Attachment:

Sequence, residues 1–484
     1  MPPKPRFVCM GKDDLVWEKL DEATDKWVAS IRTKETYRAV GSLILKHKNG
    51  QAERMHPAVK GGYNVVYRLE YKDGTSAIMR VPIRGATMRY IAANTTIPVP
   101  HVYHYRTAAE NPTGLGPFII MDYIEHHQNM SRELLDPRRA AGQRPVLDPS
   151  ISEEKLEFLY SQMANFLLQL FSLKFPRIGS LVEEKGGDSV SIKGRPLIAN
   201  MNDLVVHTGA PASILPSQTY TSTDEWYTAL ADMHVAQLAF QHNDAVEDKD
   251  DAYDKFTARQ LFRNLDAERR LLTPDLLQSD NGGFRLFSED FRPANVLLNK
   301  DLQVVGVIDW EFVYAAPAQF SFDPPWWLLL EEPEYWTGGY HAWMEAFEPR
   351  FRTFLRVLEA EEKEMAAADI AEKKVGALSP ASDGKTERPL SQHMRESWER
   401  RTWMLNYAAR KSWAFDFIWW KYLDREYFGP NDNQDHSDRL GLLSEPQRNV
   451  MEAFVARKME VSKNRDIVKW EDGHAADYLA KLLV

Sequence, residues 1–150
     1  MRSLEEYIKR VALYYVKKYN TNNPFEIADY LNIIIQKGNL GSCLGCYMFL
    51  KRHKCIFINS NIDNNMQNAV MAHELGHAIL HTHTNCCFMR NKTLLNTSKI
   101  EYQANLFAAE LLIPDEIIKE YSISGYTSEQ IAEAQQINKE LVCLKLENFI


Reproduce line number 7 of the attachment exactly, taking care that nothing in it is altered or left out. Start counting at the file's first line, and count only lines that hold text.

   251  DAYDKFTARQ LFRNLDAERR LLTPDLLQSD NGGFRLFSED FRPANVLLNK